Russian State Duma Approves New Government Appointments

Russian State Duma supports all candidates for new government posts, including Denis Manturov as First Deputy Prime Minister. President Vladimir Putin's new government structure includes one First Deputy Prime Minister and nine Deputy Prime Ministers.

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Bijay Laxmi
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Russian State Duma Approves New Government Appointments

Russian State Duma Approves New Government Appointments

On May 12, 2024, the Russian State Duma supported all candidates for posts in the new government, including Denis Manturov as First Deputy Prime Minister and 17 others, during a session in Moscow. The appointments come as part of a restructuring of the Russian government following the inauguration of President Vladimir Putin on May 7.

Why this matters: This reshuffling of the Russian government could have significant implications for the country's domestic and foreign policies, potentially affecting its relationships with other nations and global economic dynamics. The new appointments may also influence the country's response to ongoing challenges, such as economic sanctions and regional security concerns.

Under the new government structure approved by Putin, there will be one First Deputy Prime Minister and nine Deputy Prime Ministers. One Deputy Prime Minister will also serve as the Russian Federation and Presidential Plenipotentiary Envoy to the Far Eastern Federal District, while another will assume the role of Chief of Staff of the Government Executive Office.

Reappointed Prime Minister Mikhail Mishustin submitted his deputy candidates for consideration to the State Duma. He also proposed candidates for federal ministers, excluding the heads of security agencies and the Ministry of Foreign Affairs, whose nominations will be presented by the president for consultation with senators of the Russian Federation.

Among the key appointments, Alexander Novak will supervise the economic bloc, including the energy sector, economic support, and anti-sanctions measures. Novak's experience in various economic and financial roles in business and government service, including as deputy finance minister, positions him well for this responsibility.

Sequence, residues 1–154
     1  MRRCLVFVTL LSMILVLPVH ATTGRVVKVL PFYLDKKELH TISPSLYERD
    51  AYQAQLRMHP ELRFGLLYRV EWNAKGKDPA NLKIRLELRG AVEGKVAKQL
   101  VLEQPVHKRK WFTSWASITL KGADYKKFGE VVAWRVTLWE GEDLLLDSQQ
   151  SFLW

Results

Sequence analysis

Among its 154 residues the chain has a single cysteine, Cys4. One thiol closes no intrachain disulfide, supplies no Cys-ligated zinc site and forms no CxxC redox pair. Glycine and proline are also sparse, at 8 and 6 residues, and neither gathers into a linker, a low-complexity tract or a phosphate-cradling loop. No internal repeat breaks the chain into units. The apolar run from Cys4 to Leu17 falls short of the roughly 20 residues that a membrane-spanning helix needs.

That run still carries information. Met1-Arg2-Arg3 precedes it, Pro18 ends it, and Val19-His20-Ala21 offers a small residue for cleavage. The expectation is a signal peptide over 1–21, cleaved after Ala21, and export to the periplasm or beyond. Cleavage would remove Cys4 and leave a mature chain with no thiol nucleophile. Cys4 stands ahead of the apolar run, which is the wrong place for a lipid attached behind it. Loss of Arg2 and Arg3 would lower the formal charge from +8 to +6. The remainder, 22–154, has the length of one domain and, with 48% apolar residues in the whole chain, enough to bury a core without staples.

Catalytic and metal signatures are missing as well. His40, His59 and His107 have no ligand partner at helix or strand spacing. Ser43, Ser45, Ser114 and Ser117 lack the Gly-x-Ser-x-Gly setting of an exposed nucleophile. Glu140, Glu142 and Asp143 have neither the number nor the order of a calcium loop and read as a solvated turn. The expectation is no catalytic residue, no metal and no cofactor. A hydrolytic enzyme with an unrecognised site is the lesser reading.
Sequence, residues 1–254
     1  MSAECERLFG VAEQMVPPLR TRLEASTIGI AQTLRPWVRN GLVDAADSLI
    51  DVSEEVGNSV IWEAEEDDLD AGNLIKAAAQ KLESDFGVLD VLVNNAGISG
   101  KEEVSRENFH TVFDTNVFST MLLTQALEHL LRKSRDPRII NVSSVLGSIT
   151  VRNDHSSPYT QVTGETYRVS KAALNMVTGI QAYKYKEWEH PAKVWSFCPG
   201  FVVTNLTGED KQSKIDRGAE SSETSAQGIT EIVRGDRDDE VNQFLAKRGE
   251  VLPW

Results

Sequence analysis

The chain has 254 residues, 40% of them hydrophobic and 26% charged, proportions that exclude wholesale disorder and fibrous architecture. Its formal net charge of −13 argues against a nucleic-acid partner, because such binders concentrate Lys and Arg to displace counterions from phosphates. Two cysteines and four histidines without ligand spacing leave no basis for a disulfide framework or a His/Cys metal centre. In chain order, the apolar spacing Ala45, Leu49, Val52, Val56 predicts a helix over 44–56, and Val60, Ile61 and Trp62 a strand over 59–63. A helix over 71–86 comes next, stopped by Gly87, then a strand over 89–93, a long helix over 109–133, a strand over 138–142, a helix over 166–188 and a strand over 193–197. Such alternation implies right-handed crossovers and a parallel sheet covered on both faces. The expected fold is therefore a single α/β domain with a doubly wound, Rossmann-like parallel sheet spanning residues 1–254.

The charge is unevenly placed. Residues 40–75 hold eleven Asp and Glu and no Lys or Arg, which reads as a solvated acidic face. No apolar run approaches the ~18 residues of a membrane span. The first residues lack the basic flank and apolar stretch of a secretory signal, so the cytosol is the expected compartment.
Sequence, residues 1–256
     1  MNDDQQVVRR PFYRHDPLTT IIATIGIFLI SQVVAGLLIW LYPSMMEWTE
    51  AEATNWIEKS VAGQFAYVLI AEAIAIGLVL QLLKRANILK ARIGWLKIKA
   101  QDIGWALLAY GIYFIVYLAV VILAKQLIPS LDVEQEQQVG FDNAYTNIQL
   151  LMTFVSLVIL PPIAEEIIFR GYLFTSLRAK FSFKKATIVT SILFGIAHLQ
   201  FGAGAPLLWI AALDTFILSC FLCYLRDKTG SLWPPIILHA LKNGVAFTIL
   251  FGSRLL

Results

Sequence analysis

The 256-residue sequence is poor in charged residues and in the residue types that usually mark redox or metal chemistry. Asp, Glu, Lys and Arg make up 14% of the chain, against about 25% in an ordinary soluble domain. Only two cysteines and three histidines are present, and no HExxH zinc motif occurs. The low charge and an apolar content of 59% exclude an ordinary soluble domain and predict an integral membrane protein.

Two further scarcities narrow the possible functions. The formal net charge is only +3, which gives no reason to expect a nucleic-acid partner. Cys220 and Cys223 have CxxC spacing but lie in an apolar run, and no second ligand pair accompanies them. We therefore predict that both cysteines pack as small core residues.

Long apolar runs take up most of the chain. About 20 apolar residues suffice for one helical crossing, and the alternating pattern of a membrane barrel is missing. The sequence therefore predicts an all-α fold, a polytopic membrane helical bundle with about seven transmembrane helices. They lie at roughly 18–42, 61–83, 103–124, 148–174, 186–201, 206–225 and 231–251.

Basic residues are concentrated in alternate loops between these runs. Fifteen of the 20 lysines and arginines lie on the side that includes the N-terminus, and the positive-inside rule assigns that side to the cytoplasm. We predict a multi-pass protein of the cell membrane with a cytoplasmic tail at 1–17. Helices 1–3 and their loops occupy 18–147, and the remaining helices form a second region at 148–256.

Mikhail Degtyarev, a fencing champion and former head of a region, will take on a new role, drawing on his experience as a two-time deputy to the State Duma and head of the committee on sports and physical culture. Prime Minister Spokesman Boris Belyakov highlighted Degtyarev's skills, stating, "In addition to his experience as the head of the region, he was twice elected a deputy to the State Duma, where he headed the committee on sports and physical culture. It is not insignificant that he is a fencing champion, a laureate of all-Russian and international competitions. Mikhail Degtyarev has the necessary skills to meet the challenges of the industry and to continue the active development of this sphere."

The president will appoint the heads of the Ministry of Internal Affairs, the Ministry of Emergency Situations, the Ministry of Defense, the Ministry of Foreign Affairs, and the Ministry of Justice after consultations with the Federation Council on May 13. The Russian government resigned in accordance with the law following the presidential inauguration, but its members will continue to perform their duties until the formation of the new government is complete.

Key Takeaways

  • Russian State Duma approves new government structure and 18 candidates, including Denis Manturov as First Deputy Prime Minister.
  • New government may impact Russia's domestic and foreign policies, and global economic dynamics.
  • Alexander Novak to supervise economic bloc, including energy sector and anti-sanctions measures.
  • Mikhail Degtyarev, a fencing champion, appointed to new role, leveraging his experience in sports and politics.
  • President Putin to appoint heads of key ministries, including Defense and Foreign Affairs, after consultations with Federation Council.